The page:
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Old 03-28-2013, 08:50 AM   #5
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Re: When to intervene with thumbsucking?

My dd is 5 1/2 and still sucks hers. We have been seeing an orthodontist because she has obviously done some pretty major damage to her mouth with her vigorous sucking. This summer she will be getting an appliance in her mouth to help her stop, it breaks my heart to do it.
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Old 03-28-2013, 09:27 AM   #6
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Re: When to intervene with thumbsucking?

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Originally Posted by s@hmommy View Post
This summer she will be getting an appliance in her mouth to help her stop, it breaks my heart to do it.

I sucked my thumb until college. I had a thumb stop appliance in my mouth and still managed to suck my thumb
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Old 03-28-2013, 09:54 AM   #7
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Quote:
Originally Posted by s@hmommy
My dd is 5 1/2 and still sucks hers. We have been seeing an orthodontist because she has obviously done some pretty major damage to her mouth with her vigorous sucking. This summer she will be getting an appliance in her mouth to help her stop, it breaks my heart to do it.
I had this done to me at 8 and I still remember it. I cried hysterically for weeks, refused to eat, wouldn't speak to my mother... It was bad. My mom eventually took me back to the dentist and said that it wasn't worth having straight teeth if I was so distraught all the time.


I really hope your daughter can stop on her own before getting the appliance, or at least that she reacts well to it.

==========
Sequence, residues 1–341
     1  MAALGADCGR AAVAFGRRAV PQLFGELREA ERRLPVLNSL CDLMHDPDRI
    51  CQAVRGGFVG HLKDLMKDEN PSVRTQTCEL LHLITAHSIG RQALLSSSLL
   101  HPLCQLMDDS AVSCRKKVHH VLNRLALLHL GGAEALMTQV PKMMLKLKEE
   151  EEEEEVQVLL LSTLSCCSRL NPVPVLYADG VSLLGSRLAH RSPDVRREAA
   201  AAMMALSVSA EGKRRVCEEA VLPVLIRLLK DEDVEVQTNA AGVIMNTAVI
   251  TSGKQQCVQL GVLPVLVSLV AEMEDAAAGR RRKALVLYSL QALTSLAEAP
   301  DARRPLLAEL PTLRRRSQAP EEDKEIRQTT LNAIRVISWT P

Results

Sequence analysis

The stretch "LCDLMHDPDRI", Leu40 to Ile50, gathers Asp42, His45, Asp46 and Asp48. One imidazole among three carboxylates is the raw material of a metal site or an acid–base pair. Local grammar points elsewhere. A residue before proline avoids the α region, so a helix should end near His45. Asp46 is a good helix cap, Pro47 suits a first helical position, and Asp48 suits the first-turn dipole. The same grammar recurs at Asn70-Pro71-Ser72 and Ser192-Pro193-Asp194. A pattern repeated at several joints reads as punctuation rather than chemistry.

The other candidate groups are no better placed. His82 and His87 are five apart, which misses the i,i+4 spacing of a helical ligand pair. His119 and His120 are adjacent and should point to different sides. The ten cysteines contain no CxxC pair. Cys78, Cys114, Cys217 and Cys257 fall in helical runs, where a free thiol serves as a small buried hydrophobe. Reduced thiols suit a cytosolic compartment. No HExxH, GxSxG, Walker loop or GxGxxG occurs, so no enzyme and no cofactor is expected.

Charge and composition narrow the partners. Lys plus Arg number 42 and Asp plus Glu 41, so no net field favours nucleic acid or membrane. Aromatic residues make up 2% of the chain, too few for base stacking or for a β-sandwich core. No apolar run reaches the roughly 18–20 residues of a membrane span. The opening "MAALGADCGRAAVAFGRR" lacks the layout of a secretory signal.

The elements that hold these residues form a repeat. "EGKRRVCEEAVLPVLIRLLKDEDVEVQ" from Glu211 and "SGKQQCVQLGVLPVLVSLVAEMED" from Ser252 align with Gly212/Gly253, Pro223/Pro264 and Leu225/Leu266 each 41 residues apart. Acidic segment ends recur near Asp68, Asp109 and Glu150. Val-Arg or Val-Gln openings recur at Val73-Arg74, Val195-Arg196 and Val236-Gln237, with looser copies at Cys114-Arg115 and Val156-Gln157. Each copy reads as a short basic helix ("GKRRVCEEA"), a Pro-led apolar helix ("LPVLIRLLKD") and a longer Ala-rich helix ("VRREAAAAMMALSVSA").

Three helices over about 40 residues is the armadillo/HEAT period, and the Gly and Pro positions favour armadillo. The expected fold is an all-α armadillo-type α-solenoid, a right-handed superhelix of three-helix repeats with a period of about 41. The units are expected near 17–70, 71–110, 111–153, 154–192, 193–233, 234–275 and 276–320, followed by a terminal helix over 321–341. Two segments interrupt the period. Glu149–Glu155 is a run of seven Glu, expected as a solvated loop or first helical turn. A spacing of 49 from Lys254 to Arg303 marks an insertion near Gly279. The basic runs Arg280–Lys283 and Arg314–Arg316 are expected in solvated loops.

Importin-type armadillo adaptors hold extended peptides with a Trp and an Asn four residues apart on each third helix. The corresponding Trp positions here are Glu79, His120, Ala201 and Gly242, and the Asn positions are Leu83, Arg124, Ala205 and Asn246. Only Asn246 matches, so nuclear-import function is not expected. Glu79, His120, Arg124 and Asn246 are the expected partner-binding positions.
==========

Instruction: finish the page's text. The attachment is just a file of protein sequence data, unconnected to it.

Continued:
These memories are part of why I want to step in before he is 2. I don't want him to remember sobbing for hours over something that brings him soo much comfort and joy. And at 8 I knew full we'll that my mom and dentist had conspired to do this to me, that they physically screwed something into my mouth to take away something I loved.

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Old 03-28-2013, 10:43 AM   #8
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Re: When to intervene with thumbsucking?

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Originally Posted by jenn.mcc View Post
I had this done to me at 8 and I still remember it. I cried hysterically for weeks, refused to eat, wouldn't speak to my mother... It was bad. My mom eventually took me back to the dentist and said that it wasn't worth having straight teeth if I was so distraught all the time.


I really hope your daughter can stop on her own before getting the appliance, or at least that she reacts well to it.

These memories are part of why I want to step in before he is 2. I don't want him to remember sobbing for hours over something that brings him soo much comfort and joy. And at 8 I knew full we'll that my mom and dentist had conspired to do this to me, that they physically screwed something into my mouth to take away something I loved.
Hers isn't about straight teeth any more, she is doing damage that is affecting her speech. The dr told me what it is called and I can't remember. He is also very conservative though, he has said we were putting it in the last two times we have gone in to see him in the last 1 1/2 years. I agree though, I hope she stops before hand, I don't want to deal with it.